Another ghoulish entry from the Grimms, this tale has an obvious sense of humor as well as the expected passages meant to startle tiny listeners. A young man, who we can take to be not-one-hundred-percent there, feels no fear and decides to go on a quest that might cause him to “shudder”. Challenged to spend three nights alone in a haunted castle, our wandering idiot encounters ghosts, skeletons, and reanimated corpses; none of whom cause him the least bit of fright as he disposes each visitor in turn. As a madcap comedic romp in the hands of someone like, say, Sam Raimi or Joe Dante, this one could be loads of creepy fun for older kids.


    Repulsive witch of Slavic lore who features in a number of Russian folktales, sometimes alone and sometimes as part of a trio with her equally hideous sisters. Living out in the woods, in a hut that stands on a pair of giant chicken legs, Baba is often depicted as a benign naturalist and staunch defender of cuddly wilderness creatures—but in the interests of this article, let’s focus on her sharp teeth, cannibalistic tendencies and mostly unsuccessful efforts to trick brave Cossack heroes into her cast-iron cook pot. (artwork by Karl Grandin)

    This most macabre of fairytales warns of the cost of indulging one’s curiosity and is begging for some sort of ultra-gory recounting. The story of a famously ugly serial husband who found the sword a more effective means to conclude his divorces than courts or lawyers, Bluebeard is composed more like a TALES FROM THE CRYPT episode than a kids’ bedtime story. It would retain its impact set in any time period, and would also have one of literature’s most famous and ghastly ‘big reveals’ for a director to play with.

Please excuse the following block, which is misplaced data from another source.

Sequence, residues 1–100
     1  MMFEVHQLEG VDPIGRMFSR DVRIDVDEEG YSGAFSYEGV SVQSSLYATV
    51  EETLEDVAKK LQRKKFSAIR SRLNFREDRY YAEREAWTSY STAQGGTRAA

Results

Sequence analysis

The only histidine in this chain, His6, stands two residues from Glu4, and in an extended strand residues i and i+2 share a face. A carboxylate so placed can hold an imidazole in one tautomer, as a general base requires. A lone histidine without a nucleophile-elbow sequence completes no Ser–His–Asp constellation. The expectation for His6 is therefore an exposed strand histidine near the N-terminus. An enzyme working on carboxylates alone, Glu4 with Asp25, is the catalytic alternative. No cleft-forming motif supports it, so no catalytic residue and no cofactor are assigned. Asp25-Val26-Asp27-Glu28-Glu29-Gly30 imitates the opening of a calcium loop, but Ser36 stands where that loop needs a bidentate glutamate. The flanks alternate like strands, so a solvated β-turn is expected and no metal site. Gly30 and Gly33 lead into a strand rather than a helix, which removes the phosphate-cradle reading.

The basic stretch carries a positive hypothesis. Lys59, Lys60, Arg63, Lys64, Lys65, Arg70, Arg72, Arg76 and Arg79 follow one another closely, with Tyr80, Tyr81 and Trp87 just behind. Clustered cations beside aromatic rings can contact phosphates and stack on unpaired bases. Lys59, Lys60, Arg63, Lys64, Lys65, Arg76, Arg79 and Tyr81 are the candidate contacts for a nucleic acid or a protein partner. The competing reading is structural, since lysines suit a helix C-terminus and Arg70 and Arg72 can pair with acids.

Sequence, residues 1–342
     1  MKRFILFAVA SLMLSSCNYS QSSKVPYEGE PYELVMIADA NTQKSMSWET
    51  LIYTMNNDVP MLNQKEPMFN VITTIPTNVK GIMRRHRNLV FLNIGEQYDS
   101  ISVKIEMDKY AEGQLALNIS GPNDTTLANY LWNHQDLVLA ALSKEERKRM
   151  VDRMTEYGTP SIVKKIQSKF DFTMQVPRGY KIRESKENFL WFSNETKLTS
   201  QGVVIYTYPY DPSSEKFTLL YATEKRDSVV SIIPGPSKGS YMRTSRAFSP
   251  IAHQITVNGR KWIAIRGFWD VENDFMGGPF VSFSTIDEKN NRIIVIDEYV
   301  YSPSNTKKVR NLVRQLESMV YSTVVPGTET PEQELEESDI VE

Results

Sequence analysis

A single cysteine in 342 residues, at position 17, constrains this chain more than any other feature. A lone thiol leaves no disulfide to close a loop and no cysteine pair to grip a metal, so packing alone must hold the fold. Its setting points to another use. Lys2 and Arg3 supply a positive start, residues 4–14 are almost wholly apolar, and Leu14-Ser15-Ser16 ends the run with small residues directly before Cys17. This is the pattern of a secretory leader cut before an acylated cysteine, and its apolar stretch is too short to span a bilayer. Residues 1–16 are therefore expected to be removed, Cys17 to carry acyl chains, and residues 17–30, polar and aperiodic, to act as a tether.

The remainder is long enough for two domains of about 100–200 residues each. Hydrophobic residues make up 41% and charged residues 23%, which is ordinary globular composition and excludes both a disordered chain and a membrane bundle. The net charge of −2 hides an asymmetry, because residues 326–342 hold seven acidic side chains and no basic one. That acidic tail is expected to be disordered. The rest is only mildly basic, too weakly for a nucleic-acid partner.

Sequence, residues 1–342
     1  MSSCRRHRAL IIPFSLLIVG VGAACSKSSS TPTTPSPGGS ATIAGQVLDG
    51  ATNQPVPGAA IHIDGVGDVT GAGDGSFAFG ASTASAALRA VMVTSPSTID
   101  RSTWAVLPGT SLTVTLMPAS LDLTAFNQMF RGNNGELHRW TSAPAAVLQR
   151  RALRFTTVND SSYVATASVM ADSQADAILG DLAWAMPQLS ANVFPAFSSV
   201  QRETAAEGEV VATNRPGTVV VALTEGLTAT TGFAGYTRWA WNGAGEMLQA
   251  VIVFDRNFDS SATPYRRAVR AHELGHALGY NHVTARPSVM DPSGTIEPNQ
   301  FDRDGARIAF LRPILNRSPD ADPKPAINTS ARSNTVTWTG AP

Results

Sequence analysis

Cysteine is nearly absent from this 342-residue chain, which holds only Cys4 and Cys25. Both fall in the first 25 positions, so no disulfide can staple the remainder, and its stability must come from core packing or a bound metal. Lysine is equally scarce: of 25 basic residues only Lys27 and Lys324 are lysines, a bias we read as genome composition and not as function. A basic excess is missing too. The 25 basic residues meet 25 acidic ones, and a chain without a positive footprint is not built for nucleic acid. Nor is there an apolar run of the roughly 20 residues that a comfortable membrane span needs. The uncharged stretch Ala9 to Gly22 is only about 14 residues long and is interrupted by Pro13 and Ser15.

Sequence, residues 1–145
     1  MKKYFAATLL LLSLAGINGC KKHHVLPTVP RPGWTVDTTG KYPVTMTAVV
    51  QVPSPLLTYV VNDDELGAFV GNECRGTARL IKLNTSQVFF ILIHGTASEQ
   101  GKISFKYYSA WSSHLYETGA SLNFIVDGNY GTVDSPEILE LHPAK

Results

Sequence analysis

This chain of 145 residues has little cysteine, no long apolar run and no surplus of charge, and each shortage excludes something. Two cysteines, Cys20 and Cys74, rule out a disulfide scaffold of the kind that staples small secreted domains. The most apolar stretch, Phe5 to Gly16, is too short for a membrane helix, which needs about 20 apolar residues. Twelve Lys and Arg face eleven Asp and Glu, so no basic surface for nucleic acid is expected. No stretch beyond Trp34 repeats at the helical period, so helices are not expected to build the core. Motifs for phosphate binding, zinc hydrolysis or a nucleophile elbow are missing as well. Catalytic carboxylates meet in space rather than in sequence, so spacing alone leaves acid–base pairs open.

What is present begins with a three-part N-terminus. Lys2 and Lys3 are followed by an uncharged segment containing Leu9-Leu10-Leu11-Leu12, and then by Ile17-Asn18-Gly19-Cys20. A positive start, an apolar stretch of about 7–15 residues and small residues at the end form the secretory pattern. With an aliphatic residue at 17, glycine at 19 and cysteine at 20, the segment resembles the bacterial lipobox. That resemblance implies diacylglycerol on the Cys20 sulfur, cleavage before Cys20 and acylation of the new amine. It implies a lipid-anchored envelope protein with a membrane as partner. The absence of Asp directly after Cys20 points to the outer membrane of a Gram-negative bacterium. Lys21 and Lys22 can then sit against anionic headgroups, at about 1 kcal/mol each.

A German children’s book published in 1845 and responsible for untold numbers of soiled lederhosen by kids who were no doubt scarred for life by the pummeling of STRUWWELPETER’s lessons. The title character’s name translates as ‘Shock-headed Peter’, and he’s a rascal whose tuft of wild hair earns him scorn from the groomed townsfolk. The other tales are far crueller in their mission to demonstrate moralities and, like compatriot Krampus, inadvertently reinforce unpleasant stereotypes of Teutonic harshness. To wit: Little Suck-A-Thumb can’t keep his thumb out of his mouth, to the dismay of his concerned parents. Problem solved when a wandering tailor meets Suck-A-Thumb on the road and promptly scissors the boy’s thumbs clean off, blood flowing from the stumps as the book’s explicit illustrations make clear. The other stories are similarly direct: Sassy girl likes to play with matches? She catches fire and dies. Young Kaspar declares that he doesn’t like his soup and will no longer eat it? Starves to death. Curious kid ventures outside during a storm? Lifted by the wind and blown away to his doom. Trust us that this innocuous-looking picture book is a real horror.

    (Featured image artwork: Baba Yaga by Vania Zouravliov – http://art.vniz.net/en/)


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    Kathryn Newton: Normal Teen, “PARANORMAL ACTIVITY”

    by: Trevor Parker on: 2013-01-28 15:03:03

    Get ready to feel old: When asked what’s
    next on her slate following a star turn as terrified teen Alex in PARANORMAL
    ACTIVITY 4 (out on DVD/Blu-ray this Tuesday), effervescent young actress Kathryn
    Newton replies, “I’m doing my high school academic decathlon tomorrow.” Although
    already an experienced film and television actress, Ms. Newton’s tender age is uncommon;
    especially with the horror genre’s often shameless propensity for stuffing much
    older actors into teenage roles. It’s Newton’s authenticity and fresh appeal that
    adds spark to a franchise on its fourth installment and entices audiences to
    ride once again through the reliable PARANORMAL funhouse.